Duality is a hallmark theme of noir. While the majority of the characters in your book are morally ambiguous the identity of The Black Widow, especially after her disappearance, haunts your protagonist. How does his search for the "truth" about her past, not to mention its and her escalating mutability, conform and contest this idea?
Indeed, doubles or seeming doubles, mirrors, windows, clock faces, uncanny echoes abound in fictions and films of this type, and they are to be found here. Mostly used for comic or ironic purposes. Parodic place-markers in a narrative meant to undermine with comedy the inherent romanticism of the genre.
Noir is a term intrinsic to film; a subject you previously explored in your story collection A Night At The Movies, or, You Must Remember This, as well as the legendary The Adventures of Lucky Pierre; a book structured in nine reels and set in Cinecity. Why has this medium so influenced your fiction making process?
As the novel was the distinctive narrative form of the 19th century, cinema became the distinctive mode of the 20th. Lucky Pierre in fact attempts, behind the scenes, a kind of history of the filmic century as seen via the differing techniques and notions of the nine women filmmakers, an idea underlined by the book’s dedication to three great filmmakers from three different cinematic eras. Film is a powerful mythmaking tool. Taking on the tribal myths in the late 20th century (whatever the “tribe” was by then) meant taking on the movies as well. And again the same principle: on their own turf.
Also, there is a fascinating crossover between the grammars of fiction and film, something I began to play with in my very earliest short narratives back in the late 1950s, early 1960s, in a group I was then calling “sentient lens” stories. All subsequent engagements with this form have their roots in those early experiments.
The characters in your work have the remarkable ability to exemplify yet transcend their type and expected behavior. How do the denizens of Noir adhere to their roles yet also rebel against the reader’s assumptions?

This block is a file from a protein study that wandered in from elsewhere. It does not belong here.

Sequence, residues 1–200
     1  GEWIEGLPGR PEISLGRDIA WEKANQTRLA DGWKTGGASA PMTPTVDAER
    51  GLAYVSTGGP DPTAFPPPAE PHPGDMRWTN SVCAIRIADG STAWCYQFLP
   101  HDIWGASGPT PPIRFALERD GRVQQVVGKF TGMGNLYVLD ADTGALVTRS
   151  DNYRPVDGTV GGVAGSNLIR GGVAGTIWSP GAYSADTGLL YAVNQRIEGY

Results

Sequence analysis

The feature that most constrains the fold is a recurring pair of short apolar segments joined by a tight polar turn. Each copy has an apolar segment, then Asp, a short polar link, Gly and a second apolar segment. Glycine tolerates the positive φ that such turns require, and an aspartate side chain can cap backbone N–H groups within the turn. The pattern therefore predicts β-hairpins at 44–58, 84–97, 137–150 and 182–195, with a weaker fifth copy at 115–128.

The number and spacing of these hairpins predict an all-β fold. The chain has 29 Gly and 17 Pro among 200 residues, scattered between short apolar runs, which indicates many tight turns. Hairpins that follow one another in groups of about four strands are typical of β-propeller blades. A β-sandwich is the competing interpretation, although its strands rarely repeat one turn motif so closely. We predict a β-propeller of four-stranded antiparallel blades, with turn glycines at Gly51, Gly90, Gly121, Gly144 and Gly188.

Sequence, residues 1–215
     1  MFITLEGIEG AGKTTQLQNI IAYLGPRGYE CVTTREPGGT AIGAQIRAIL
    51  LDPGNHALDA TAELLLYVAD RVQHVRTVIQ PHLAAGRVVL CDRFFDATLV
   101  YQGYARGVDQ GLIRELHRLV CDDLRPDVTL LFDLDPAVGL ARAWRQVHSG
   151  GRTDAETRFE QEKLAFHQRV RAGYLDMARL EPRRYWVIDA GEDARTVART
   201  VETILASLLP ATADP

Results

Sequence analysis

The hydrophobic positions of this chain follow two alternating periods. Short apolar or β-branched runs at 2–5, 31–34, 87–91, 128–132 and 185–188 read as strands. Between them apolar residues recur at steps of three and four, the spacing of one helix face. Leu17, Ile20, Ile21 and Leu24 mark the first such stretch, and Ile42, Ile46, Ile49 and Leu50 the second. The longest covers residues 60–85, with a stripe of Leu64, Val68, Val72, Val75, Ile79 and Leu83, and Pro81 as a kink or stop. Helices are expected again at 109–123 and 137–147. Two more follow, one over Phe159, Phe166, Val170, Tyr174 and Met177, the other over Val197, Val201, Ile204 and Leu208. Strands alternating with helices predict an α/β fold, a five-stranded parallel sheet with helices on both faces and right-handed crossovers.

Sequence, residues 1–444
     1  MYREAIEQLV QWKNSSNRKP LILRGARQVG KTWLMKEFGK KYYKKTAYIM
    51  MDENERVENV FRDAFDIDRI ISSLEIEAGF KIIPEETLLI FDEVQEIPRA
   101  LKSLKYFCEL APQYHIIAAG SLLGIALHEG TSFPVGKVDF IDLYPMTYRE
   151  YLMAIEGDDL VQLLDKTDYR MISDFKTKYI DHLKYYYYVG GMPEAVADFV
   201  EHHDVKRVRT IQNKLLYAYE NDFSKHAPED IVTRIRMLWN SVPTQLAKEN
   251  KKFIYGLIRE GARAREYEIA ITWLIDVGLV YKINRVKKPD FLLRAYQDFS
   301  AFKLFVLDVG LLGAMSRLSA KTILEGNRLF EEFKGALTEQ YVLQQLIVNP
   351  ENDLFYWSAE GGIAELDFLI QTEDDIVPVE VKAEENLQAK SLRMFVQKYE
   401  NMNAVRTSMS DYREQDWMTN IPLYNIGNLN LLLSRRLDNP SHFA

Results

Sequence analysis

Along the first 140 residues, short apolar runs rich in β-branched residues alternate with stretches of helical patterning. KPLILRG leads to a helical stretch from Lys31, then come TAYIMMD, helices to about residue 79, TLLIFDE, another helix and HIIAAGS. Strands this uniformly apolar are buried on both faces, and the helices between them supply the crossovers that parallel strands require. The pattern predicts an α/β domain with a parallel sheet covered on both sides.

Have to leave that to the interpretations of others, I think. Though my central characters do often transcend their assigned roles, they frequently have to contend with characters who do not or cannot.
You spoke earlier about disrupting myth at its core. Why do you think we are so captivated or ensnared by these primeval tales? Do you think that rewriting and exploding these myths have the potential to create new genres that are then open for interpretation, i.e. the surrealist western or postmodern detective story?
I have essayed frequently on this topic, distinguishing between myth and tale as between the sacred and the profane -- sky-writing and earth-writing -- but judging them both to be conservative forms, content to remain close to the comforting mental habits of the past. People, fearing their own extinction, are willing to accept and perpetuate hand-me-down answers to the meaning of life and death; and, fearing a weakening of the tribal structures that sustain them, reinforce with their tales the conventional notions of justice, freedom, law and order, nature, family, etc. The writer, lone rider, has the power, if not always the skills, wisdom, or desire, to disturb this false contentment.
One of the pitfalls of political fiction is the descent into polemic and cant. Whether it is the carnivalesque atmosphere of The Public Burning or more compressed satirical works like A Political Fable or Whatever Happened To Gloomy Gus of The Chicago Bears? you were able to marry two disparate fields and create a rich fictional tapestry. Why do you think fiction is so reluctant to joust in the political arena? Has the absurdity of politics made effective satire more difficult?